They have a magnificent team. These people are always kind and willing to listen to your concerns or issues. Better yet, your assignment is always ready before the time, they usually send you a draft to double-check before they finalize your paper.
Special NOTE: This event could have been a past or virtual experience. It must be clear which for the paper.Due to my limited geographical situation virtual is preferred. It would appear more situationally related.
o Clearly identify the event location,date attended, the attendees, and your initial reaction upon arriving at theevent.
o Provide specific information and adescription of at least two (2) pieces (e.g., art, exhibits, music,etc.).
o Provide a summary of the event anddescribe your overall reaction after attending the event.
o Your report should includeconnections you make between things observed in your activity and thingslearned in the course and text.
Humanities World Cultures prehistory- 1600
Visiting a Museum
· It makes sense to approach a museum the way a seasoned travelerapproaches visiting a city for the first time. Find out what there is availableto see. In the museum, find out what sort of exhibitions are currently housedin the museum and start with the exhibits that interest you.
· If there is a travelling exhibition, it’s always a good idea tosee it while you have the chance. Then, if you have time, you can look at otherthings in the museum.
· Every effort should be made ahead of time to identify a museumthat has items and works one can easily connect to our HUM 111 class and book.Since HUM 111 covers from ancient times to the 1500s AD, it makes more sense tofocus on items from that time frame. In general, museums with artistic culturalartifacts and fine arts work better than history museums.
· Any questions about whether amuseum-visit activity fits the course and assignment well enough will bedecided by the instructor when the student seeks approval for the activity. Anyalternative activity outside the normal ones listed here, such as for thoselimited by disability or distance, will be determined by the instructor.Generally, we do not expect students to travel over an hour to get to anapproved activity.
· Take notes as you go through the museum and accept any handoutsor pamphlets that the museum staff gives you. While you should not quoteanything from the printed material when you do your report, the handouts mayhelp to refresh your memory later.
· The quality of your experience is not measured by the amount oftime you spend in the galleries or the number of works of art that you actuallysee. The most rewarding experiences can come from finding two (2) or three (3)pieces of art or exhibits which intrigue you and then considering those worksin leisurely contemplation. Most museums even have benches where you can sitand study a particular piece.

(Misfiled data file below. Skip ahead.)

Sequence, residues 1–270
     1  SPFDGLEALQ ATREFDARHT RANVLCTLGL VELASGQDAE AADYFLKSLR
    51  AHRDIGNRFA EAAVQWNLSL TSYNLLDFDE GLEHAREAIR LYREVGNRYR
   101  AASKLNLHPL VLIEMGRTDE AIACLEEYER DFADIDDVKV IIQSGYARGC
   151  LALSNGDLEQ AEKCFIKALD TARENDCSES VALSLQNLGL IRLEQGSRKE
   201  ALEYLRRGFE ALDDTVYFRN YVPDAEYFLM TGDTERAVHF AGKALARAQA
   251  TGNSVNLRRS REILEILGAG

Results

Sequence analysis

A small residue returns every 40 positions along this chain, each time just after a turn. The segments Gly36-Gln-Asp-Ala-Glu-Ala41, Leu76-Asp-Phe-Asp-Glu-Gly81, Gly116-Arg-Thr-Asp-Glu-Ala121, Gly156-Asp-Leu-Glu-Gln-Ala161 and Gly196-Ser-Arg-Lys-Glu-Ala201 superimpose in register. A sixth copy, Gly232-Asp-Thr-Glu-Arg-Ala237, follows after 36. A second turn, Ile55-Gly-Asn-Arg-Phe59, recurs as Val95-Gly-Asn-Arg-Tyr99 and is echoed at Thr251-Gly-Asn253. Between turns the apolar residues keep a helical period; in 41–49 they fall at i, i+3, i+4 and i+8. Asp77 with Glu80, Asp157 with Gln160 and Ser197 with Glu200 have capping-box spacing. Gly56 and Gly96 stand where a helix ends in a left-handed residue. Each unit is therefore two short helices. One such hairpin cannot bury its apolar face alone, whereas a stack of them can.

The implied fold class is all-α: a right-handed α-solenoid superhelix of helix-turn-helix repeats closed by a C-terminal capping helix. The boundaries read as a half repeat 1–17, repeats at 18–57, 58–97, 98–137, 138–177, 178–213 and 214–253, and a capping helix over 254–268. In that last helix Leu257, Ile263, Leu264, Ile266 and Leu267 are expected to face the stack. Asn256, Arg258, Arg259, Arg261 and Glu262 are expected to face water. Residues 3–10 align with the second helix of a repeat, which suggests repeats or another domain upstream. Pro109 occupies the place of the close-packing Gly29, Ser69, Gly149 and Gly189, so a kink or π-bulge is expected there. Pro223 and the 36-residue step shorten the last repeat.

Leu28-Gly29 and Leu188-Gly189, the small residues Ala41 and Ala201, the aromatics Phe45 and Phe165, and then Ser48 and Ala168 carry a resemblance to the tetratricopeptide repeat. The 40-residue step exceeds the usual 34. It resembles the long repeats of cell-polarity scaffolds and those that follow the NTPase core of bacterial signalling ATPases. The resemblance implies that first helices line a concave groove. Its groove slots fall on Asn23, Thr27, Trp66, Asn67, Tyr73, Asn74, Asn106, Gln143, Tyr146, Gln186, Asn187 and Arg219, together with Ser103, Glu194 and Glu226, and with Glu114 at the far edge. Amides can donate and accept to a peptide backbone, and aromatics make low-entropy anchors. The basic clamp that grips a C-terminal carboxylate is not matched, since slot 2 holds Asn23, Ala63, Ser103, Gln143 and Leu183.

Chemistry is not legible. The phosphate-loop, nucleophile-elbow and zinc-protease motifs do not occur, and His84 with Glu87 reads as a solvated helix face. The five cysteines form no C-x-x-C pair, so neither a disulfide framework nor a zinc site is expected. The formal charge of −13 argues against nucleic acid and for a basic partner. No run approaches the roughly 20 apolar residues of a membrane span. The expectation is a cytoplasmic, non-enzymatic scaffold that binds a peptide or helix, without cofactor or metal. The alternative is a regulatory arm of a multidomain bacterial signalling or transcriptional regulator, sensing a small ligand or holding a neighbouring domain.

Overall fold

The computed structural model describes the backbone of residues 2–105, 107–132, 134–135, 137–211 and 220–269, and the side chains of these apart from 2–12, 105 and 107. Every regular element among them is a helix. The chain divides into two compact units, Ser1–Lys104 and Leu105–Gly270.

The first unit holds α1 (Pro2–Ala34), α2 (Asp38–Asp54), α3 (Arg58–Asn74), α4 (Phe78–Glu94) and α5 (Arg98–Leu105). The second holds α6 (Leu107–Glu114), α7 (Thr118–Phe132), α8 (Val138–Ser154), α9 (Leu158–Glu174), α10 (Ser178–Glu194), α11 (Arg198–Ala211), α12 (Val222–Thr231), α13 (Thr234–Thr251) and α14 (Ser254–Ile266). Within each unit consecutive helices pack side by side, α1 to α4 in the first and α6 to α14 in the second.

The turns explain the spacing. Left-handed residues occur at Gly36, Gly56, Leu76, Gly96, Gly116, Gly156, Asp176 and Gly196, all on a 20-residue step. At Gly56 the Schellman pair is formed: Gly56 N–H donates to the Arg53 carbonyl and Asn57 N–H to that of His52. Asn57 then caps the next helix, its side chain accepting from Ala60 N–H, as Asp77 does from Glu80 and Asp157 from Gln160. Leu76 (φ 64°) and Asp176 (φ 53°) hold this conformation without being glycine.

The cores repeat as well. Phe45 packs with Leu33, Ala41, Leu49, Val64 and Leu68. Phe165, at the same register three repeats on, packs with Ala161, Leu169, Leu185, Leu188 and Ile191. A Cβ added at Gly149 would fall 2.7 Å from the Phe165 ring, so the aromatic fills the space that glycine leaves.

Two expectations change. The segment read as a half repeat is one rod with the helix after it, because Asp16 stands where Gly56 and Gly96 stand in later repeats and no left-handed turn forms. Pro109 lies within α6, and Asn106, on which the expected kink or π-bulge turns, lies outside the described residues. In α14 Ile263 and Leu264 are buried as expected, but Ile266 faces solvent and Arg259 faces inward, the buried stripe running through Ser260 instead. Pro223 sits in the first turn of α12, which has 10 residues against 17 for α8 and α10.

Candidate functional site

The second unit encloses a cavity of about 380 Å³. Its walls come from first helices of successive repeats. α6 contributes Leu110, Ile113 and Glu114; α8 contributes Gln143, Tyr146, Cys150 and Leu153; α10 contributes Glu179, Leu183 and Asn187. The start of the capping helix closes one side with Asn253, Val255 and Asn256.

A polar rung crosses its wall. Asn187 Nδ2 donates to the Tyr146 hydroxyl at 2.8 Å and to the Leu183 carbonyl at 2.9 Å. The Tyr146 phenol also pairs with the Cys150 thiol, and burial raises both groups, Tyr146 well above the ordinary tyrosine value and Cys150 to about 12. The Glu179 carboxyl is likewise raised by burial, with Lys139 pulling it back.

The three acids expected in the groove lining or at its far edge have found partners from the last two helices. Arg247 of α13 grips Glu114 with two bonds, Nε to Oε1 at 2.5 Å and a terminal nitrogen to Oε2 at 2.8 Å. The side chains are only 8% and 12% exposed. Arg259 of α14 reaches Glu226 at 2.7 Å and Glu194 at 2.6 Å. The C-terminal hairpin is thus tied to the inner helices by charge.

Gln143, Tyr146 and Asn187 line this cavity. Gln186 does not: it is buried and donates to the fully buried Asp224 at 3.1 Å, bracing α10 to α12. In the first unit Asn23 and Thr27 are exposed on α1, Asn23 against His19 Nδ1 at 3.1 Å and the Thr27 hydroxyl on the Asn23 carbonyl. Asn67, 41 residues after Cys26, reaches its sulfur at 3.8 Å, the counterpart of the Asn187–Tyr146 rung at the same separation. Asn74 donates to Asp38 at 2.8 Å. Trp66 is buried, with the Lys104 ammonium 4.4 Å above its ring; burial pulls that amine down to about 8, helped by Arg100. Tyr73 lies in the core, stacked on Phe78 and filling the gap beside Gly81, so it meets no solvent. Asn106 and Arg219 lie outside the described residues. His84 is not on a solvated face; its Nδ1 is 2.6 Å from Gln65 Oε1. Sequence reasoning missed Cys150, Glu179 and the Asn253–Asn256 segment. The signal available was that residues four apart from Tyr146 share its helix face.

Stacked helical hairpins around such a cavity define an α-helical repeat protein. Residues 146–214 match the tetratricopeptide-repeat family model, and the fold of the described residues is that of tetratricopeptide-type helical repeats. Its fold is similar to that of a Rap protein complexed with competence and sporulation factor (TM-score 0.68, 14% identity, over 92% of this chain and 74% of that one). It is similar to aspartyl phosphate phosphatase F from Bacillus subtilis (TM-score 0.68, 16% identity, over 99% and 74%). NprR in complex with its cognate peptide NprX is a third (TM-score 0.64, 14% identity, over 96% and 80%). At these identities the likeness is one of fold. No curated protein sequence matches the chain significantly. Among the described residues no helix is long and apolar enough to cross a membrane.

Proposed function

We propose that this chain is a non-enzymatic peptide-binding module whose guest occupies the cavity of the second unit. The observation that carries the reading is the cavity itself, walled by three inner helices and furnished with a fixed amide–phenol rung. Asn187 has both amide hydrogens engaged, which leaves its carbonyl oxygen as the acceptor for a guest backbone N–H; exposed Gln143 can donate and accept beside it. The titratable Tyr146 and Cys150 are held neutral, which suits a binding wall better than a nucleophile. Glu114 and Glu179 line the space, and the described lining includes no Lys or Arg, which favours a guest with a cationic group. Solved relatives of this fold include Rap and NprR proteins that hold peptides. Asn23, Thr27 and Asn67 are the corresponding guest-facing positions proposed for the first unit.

· If you are having a difficult time deciding which pieces towrite about, ask yourself these questions: (1) If the museum you are visitingsuddenly caught fire, which two (2) pieces of art or exhibits would you mostwant to see saved from the fire? (2) Why would you choose those two (2)particular pieces?
Attending a Performance
· Check your local colleges to see if there are any free orlow-cost performances or student recitals. Student performances are generallyof almost the same quality as professional performances, but typically costmuch less. However, performances of high school level or lower will not meetthis requirement.
· A performance that is relevant to a HUM 111 course is moredifficult to find than a performance that would be relevant to HUM 112 (whichcovers from 1600 to the present). However, our course does cover Shakespeareand Greek tragedy and drama, so any performances of those will work. Note:One can sometimes find music performances of music from the Renaissance orReformation period, or even earlier.
· Any questions about whether a performance activity fits thecourse and assignment well enough will be decided by the instructor when thestudent seeks approval for an activity. Any alternative activity outside thenormal ones listed here, such as for those limited by disability or distance,will be determined by the instructor. Generally, we do not expect students totravel over an hour to get to an approved activity.
· Unlike visiting a museum, where you can wear almost anything,people attending performances are often expected to “dress up” a bit.
· Take a pen or pencil with you and accept the program you areoffered by the usher; you will probably want to take notes on it during orafter the performance.
· Turn off your cell phone before entering the auditorium. Do notuse your phone to record the music or to take pictures or videos. To play itsafe, turn the phone off.
· Most long musical performances have at least one (1)intermission. If the lights start blinking, it is a sign that the performanceis about to begin.
· Look for very specific things (such as a particular pieceof music or the way certain instruments sounded at a specific time) which tendto stand out as either enjoyable or not enjoyable. Be sure to take notes of thethings which you find enjoyable as well as the things which are not enjoyable.
Special Note: Hey Student,
Themuseum experience does not have to coincide with any particular timeframerelated to our book. Here in Atlanta, students can go to The Bodies Exhibitwhich looks at real human cadavers to show how the body functions in its manyparts and what it looks like inside. Students often visit the Civil Rightsmuseum. Your options are broad. If all else fails, you can do an on-linevirtual tour of most museums around the world. It will just need to be cited asa virtual tour.
Dr. XXXXX X XXXXXXX
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